Energy and Natural Resources Minister Taner Yıldız has expressed high hopes for oil exploration opportunities in South America’s top oil exporter, Venezuela, as he underlined that Turkey could not remain indifferent to a country that recently claimed to have overtaken Saudi Arabia in possessing the world’s largest oil reserves.
“Venezuela has offered Turkey two oil fields in return for construction projects from the Housing Development Administration of Turkey [TOKİ]. Venezuela needs 2 million houses and Turkey can build these houses via TOKİ subcontracting the houses step by step,” Yıldız said on Monday.
Accompanied by delegations from both TOKİ and the Turkish Red Crescent Society (Kızılay), Yıldız was in Caracas last week, marking the first ministerial level visit from Turkey to the country in the past nine years.
While in Caracas, Yıldız had talks with Venezuelan President Hugo Chavez, in addition to Foreign Minister Nicolas Maduro Moros. Moros paid a visit to Ankara in November when he first disclosed his country’s interest in bilateral energy cooperation, which would also involve TOKİ. “During our meeting, Mr. Chavez clearly showed that he is knowledgeable about Turkey’s growth and rising role in the global arena.
Opportunities and conditions for working together that I saw upon my arrival in Venezuela surpassed my expectations,” Yıldız explained during a breakfast meeting with members of the Ankara-based Diplomacy Correspondents’ Association (DMD). “We are a democratic and social [welfare] state,” Yıldız said, recalling that Venezuela had a socialist regime. “This composition offers many possibilities in the international arena,” Yıldız highlighted. Venezuela’s proposal for oil exploration in two fields should be considered a package that may involve building a Venezuelan oil refinery and an oil-for-fund program, the minister explained, noting that a technician delegation from Turkey will visit Venezuela on Feb. 10-11 to discuss the details of this package.
“We are currently at the discussion stage in a production-sharing model” concerning the two proposed oil fields, Yıldız said, adding that if Turkey were to invest in Venezuela, it would invest $2 billion. If competitive prices can be offered in Turkey’s internal market, importing oil products from Venezuela to Turkey is also on the agenda, Yıldız stated. If it happens, importation will come through the Turkish Petroleum International Company Ltd. (TPIC), established in 1988 as a subsidiary of the Turkish Petroleum Corporation (TPAO) to operate in all branches of the oil industry. “Distance is a quantitative concept. What matters is simultaneously creating mutually shared values and reaching out to a neighbor who is far away,” Yıldız said, in an apparent reference to questions raised over the feasibility of energy cooperation with a country so far from Turkey.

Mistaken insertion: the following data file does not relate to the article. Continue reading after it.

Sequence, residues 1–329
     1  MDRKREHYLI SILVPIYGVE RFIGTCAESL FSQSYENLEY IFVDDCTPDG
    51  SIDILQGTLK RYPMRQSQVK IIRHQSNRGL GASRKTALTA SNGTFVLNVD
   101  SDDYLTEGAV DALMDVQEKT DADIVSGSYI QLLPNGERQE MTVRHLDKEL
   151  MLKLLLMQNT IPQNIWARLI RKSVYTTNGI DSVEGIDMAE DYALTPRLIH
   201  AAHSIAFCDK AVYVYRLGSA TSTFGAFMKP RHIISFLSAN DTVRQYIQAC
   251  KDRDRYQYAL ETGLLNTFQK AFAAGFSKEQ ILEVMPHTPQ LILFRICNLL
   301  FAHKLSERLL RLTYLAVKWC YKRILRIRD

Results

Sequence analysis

TPAO is engaged in oil and natural gas exploration, particularly in Central Asian, North African and Middle Eastern countries. Turkey imports about 95 percent of the crude oil it consumes, and since 2007 it has sought to boost ties with Latin American countries to search for oil and gas.
Yıldız also said that Iran has offered Ankara four or five small oil fields, requiring $100-200 million of investment each, that Turkey will give to the private sector, recalling that Turkey’s talks concerning Iran’s giant South Pars gas project failed due to disagreements between Ankara and Tehran over “the production-sharing model.”
Turkey expects France to modify EU stance in event of nuclear dealAnkara “rightfully” expects a gesture from Paris concerning the former’s ongoing European Union membership process if French companies are willing to have a share in Turkey’s tender for the construction of a nuclear power plant, Energy and Natural Resources Minister Taner Yıldız said on Monday.
“If negotiations on the nuclear power plant start, it is not possible for us to pretend nothing happened regarding the EU membership process,” Yıldız said, in apparent reference to the French leadership’s firm objection to Turkey’s full membership in the 27-nation bloc.
Turkey is discussing building a nuclear power plant exclusively with Japan, Yıldız said. Earlier this month, he announced that France had recently approached his ministry with an offer. At the time, Yıldız said that leading French energy companies Areva, Gaz de France (GDF) and Electricite de France (EDF) are interested in the proposed project.
As of Monday, Yıldız stressed that Japan had priority for the time being.